The tightener for both y axis and x (on the right) is important. The new design use a print to control the tightening. Very easy. You can also find the drawing for both x/y on thingiverse. Find the one you like. The original design requires spring, which is difficult to use and takes long time to put on. Further more, if loose, you have to put one extra (totally 2 springs) for it. But, the new design just use one screw and in few seconds, you will have it done. Perfect.
Step 10: Hardware Finished, and Software Suggested
I used two software, Cura and Repetier Host.
1, Cura is very easy to use and slicing is very quick. For greenhand, it's pretty easy to use.
However, it also has a lot to improve. Currently, it's 14.12.1, not suggested. Many control buttons are lost. If you want to add more, you need to know codes. 13.12 would be better. This is only my experience, just for your reference.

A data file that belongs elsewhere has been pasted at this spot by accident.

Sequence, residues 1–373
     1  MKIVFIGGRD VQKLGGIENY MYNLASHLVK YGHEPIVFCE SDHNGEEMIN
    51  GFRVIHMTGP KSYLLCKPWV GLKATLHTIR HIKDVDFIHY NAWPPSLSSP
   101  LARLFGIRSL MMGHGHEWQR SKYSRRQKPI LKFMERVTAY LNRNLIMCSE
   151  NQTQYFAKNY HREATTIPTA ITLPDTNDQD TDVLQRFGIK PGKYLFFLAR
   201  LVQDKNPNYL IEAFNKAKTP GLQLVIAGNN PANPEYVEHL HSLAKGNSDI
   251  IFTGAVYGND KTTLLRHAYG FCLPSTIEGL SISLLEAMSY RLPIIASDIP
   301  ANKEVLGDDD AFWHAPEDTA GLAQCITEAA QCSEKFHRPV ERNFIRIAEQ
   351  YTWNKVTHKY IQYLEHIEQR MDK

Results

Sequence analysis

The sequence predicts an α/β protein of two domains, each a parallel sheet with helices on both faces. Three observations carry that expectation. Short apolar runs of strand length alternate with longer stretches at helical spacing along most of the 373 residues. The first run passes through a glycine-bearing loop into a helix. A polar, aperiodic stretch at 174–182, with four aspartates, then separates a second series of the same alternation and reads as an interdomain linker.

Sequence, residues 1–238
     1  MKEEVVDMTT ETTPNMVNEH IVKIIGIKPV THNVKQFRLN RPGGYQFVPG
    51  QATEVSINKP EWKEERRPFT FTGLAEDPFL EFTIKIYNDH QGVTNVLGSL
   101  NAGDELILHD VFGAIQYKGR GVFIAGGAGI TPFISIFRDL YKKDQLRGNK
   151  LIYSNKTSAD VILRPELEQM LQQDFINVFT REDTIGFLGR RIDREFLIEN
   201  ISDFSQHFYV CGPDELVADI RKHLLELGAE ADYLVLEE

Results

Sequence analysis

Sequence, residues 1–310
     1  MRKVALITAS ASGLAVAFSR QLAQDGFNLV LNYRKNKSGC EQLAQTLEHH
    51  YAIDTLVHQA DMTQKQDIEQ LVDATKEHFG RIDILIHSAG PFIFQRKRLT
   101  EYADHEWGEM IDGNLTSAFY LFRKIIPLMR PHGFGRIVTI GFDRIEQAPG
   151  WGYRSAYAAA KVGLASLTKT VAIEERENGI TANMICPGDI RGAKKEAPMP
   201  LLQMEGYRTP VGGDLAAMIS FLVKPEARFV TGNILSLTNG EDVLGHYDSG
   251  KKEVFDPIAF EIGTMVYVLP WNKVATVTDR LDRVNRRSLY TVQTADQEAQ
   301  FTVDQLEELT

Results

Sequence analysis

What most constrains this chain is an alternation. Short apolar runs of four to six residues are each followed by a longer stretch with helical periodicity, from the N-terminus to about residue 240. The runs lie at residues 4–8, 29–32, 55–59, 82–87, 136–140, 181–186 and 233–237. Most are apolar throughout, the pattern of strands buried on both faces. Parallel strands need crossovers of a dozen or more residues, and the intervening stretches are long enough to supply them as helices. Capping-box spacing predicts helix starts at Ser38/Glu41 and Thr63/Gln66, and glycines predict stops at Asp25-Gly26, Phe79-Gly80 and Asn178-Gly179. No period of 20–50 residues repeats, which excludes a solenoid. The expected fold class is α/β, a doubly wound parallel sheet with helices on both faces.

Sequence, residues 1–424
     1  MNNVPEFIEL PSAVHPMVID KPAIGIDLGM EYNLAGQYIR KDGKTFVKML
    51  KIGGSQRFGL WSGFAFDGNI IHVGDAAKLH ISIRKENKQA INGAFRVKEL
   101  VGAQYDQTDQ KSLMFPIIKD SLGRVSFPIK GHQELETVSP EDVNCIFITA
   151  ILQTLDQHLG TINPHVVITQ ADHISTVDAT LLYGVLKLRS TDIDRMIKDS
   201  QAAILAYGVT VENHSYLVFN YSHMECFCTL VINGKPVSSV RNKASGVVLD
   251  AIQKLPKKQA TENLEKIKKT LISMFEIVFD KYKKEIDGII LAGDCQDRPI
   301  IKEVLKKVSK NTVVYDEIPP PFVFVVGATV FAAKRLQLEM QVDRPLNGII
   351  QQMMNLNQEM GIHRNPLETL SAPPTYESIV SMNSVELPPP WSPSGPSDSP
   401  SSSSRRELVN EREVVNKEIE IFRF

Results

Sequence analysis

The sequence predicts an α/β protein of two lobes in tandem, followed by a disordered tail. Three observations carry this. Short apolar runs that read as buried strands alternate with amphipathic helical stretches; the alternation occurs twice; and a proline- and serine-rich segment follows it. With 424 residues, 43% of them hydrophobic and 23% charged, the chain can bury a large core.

2, Repetier Host. Version 1.06 has made a great change to include curaengine. So, you can use it to slice. And, many useful buttons can be found there. And, furthermore, you can see the slicing result after setting different parameters before printing. If you set wrong, sometimes, the printing result would be a little dfferent from your model. Use this function, you will find where the problem is. So, for both greenhand and advanced users. This software is greatly suggested.
Step 11: Work Before Printing a Model
check if the model is solid and whether the faces are correct in Sketchup. This is very important.
j-vega made it!